The wind howls up the slipway, clinking through the sleeping masts of the sick and dying vessels, bringing with it the defining scent of my childhood summers: salt, mud and a hint of sewage. The yard – like its inhabitants – is unkempt, but highly functional. By day, tattoos quiver on weather-beaten hides all round the yard, under the strain of ropes, chocks and barrels. Faces more accustomed to snarling into the sea wind clasp frail rollies between their lips and mutter antique expletives as their gnarled 60 year-old hands take on tasks that would challenge men four decades their junior. There is no shortage of laughter between the men, but it is not given away – especially when the job might cost them fingers if they turn their head for half a second.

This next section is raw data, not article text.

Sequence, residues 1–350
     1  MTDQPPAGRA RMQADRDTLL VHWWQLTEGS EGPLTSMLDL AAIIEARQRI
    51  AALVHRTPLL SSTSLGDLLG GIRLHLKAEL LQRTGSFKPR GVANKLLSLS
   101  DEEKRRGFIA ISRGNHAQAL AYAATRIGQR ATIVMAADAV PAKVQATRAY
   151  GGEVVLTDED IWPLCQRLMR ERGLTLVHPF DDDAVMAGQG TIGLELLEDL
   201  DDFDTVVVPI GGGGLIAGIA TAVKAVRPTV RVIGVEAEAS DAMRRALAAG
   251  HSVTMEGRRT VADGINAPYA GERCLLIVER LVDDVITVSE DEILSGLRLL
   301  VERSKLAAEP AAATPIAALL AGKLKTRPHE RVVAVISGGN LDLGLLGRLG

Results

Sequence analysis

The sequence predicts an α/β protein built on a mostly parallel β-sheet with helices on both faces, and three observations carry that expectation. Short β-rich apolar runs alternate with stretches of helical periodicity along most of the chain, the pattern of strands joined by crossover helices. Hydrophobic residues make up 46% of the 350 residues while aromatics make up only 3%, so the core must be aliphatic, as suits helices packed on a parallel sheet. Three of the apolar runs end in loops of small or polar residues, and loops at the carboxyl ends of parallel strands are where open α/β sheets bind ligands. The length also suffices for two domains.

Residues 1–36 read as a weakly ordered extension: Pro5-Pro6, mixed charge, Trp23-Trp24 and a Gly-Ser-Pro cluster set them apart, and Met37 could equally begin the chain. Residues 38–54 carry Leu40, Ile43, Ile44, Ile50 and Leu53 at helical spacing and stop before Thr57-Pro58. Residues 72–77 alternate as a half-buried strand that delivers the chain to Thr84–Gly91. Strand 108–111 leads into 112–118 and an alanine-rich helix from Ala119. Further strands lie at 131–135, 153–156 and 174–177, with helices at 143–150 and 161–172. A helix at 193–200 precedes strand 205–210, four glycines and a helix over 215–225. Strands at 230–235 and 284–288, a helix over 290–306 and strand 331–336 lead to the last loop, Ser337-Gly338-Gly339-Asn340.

It’s all about mud down here. Without wellies, you’re only half a man, a teaboy, a landlubber. No-one minds if you don’t have a boat, but if you don’t get stuck in the mud at some point, you’re just not one of the gang. If you fall over in it, extra kudos is given, depending on your reaction. A decent bloody wound is valuable currency, especially if you’ve sustained it helping someone else out with their boat. Once again though, one must be careful not to undermine such currency with inappropriate reaction. Whilst moving a trimaran downriver one rainy Saturday, I made the mistake of mentioning Tetanus after slicing my hand open. Conversation trailed off pretty quickly in the dinghy on our way back to shore, until Goz struck up a shanty to save me the social embarrassment. The sheer profusion of blood from the wound on to my boots and a hearty rendition of “Leave Her, Johnny” was enough to absolve me from my sin until we reached the boat yard again, whereupon I slinked off to apply Germolene from my first-aid kit while no-one was looking.